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Phenomenology (sociology) Source: en.wikipedia.org/wiki/Phenomenology_(sociology)

Phenomenology within sociology (phenomenological sociology) is the study of the formal structures of concrete social existence as made available in and through the analytical description of acts of intentional consciousness. The object of such an analysis is the meaningful lived world of everyday life (German: Lebenswelt or "Lifeworld"). The task of phenomenological sociology is to account for, or describe, the formal structures of the given object of investigation in terms of subjectivity, as an object-constituted-in-and-for-consciousness.[1] What makes such a description different from the "naive" subjective descriptions of the man in the street, or those of the traditional social scientist, both operating in the natural attitude of everyday life, is the utilization of phenomenological methods.

Context[edit]

Social phenomenologists talk about the social construction of reality. They view social order as a creation of everyday interaction, often looking at conversations to find the methods that people use to maintain social relations.[2]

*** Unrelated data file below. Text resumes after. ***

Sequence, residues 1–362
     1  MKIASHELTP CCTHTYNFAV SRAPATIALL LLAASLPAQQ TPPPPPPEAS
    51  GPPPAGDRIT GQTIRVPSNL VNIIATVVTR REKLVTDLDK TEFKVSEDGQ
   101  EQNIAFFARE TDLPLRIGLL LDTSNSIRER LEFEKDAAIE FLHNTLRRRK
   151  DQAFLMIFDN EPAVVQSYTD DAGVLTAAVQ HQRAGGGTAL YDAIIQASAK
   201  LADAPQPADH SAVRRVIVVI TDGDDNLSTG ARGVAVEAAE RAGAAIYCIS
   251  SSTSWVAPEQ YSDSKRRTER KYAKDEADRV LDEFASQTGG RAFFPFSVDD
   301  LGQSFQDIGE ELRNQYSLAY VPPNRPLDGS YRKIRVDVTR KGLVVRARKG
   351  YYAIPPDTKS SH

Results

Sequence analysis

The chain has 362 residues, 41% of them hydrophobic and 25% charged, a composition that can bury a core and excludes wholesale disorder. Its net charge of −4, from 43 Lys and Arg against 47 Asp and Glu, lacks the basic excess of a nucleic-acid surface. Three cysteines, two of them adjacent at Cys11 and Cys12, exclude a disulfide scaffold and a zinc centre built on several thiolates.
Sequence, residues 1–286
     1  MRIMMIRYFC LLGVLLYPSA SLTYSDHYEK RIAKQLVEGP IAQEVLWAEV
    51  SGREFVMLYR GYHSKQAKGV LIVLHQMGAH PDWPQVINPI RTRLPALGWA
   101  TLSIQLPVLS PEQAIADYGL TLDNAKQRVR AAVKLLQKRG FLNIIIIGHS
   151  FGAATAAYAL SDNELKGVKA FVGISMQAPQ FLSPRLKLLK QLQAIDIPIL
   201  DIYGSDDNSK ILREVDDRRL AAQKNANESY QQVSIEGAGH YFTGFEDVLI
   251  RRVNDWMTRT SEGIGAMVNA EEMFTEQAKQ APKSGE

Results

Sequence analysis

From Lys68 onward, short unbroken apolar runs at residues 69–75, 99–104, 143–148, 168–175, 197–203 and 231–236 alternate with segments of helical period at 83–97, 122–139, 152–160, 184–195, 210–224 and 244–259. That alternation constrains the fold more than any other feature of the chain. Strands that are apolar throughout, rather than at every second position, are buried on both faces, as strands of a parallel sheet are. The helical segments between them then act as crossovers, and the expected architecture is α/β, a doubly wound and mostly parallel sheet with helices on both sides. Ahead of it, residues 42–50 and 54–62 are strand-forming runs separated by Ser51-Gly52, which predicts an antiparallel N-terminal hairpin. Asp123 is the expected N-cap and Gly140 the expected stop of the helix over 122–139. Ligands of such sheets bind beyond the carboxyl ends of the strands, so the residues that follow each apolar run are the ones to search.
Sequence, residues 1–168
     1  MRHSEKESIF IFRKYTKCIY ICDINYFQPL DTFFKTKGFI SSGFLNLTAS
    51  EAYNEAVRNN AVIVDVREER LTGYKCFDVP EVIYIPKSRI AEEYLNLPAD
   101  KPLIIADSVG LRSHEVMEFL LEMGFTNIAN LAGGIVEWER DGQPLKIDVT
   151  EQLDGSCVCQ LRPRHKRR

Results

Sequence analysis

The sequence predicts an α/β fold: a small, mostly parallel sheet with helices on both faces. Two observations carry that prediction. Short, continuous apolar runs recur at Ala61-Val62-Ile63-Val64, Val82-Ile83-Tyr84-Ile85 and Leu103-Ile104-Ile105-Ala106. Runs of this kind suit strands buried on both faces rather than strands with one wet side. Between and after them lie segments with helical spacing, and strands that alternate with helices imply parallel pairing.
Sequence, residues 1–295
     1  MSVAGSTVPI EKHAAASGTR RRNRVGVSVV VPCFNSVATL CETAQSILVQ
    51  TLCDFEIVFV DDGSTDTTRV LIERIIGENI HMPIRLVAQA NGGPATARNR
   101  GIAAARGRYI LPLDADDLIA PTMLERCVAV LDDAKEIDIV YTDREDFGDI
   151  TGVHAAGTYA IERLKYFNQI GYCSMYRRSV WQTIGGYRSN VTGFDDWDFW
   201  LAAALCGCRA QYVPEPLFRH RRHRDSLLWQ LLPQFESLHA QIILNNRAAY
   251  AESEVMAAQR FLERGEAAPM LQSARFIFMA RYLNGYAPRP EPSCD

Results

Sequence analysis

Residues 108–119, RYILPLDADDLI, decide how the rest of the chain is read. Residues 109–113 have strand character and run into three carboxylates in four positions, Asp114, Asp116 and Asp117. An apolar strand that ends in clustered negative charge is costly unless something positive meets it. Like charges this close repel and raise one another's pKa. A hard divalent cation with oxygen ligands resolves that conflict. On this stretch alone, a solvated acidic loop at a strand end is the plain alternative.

The leading exponent of Phenomenological Sociology was Alfred Schütz (1899–1959). Schütz sought to provide a critical philosophical foundation for Max Weber's interpretive sociology (verstehende Soziologie) by applying methods and insights derived from the phenomenological philosophy of Edmund Husserl (1859–1938) to the study of the social world.[3][4][clarification needed] It is the building of this bridge between Husserlian phenomenology and Weberian sociology that serves as the starting point for contemporary phenomenological sociology.

However, the prominence of Weberian themes in the field does not mean that all versions of phenomenological sociology must be based on such. In point of fact, there is some historical evidence that would suggest that elements of Weberian sociology are themselves based on certain phenomenological themes; especially in regard to the theory of the intended meaning of an act, and ideas regarding theory and concept formation. For instance, Weber may have taken influence from Wilhelm Dilthey's theory of Weltanschauung, who may have also taken from Husserl's theory of meaning.